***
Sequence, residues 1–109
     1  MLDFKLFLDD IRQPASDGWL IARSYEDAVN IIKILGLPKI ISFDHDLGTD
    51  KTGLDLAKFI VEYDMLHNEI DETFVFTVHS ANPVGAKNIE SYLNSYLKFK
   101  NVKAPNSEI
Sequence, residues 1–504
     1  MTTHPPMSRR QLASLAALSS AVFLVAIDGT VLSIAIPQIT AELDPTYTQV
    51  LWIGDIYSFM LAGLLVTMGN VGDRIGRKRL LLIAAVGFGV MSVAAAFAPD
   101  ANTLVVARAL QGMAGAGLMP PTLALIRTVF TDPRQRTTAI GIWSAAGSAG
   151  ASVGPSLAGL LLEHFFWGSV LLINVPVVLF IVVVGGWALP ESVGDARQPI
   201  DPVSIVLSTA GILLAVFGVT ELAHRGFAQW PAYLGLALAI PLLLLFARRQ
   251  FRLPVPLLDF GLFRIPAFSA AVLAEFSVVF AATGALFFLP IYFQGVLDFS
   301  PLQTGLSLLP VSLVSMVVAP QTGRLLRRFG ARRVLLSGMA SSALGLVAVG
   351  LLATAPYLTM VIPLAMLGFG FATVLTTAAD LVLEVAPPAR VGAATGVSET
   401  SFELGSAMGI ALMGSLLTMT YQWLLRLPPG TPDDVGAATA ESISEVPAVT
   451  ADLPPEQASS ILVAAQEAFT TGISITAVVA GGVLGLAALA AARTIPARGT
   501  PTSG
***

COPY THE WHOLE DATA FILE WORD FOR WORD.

Sequence, residues 1–109
     1  MLDFKLFLDD IRQPASDGWL IARSYEDAVN IIKILGLPKI ISFDHDLGTD
    51  KTGLDLAKFI VEYDMLHNEI DETFVFTVHS ANPVGAKNIE SYLNSYLKFK
   101  NVKAPNSEI
Sequence, residues 1–504
     1  MTTHPPMSRR QLASLAALSS AVFLVAIDGT VLSIAIPQIT AELDPTYTQV
    51  LWIGDIYSFM LAGLLVTMGN VGDRIGRKRL LLIAAVGFGV MSVAAAFAPD
   101  ANTLVVARAL QGMAGAGLMP PTLALIRTVF TDPRQRTTAI GIWSAAGSAG
   151  ASVGPSLAGL LLEHFFWGSV LLINVPVVLF IVVVGGWALP ESVGDARQPI
   201  DPVSIVLSTA GILLAVFGVT ELAHRGFAQW PAYLGLALAI PLLLLFARRQ
   251  FRLPVPLLDF GLFRIPAFSA AVLAEFSVVF AATGALFFLP IYFQGVLDFS
   301  PLQTGLSLLP VSLVSMVVAP QTGRLLRRFG ARRVLLSGMA SSALGLVAVG
   351  LLATAPYLTM VIPLAMLGFG FATVLTTAAD LVLEVAPPAR VGAATGVSET
   401  SFELGSAMGI ALMGSLLTMT YQWLLRLPPG TPDDVGAATA ESISEVPAVT
   451  ADLPPEQASS ILVAAQEAFT TGISITAVVA GGVLGLAALA AARTIPARGT
   501  PTSG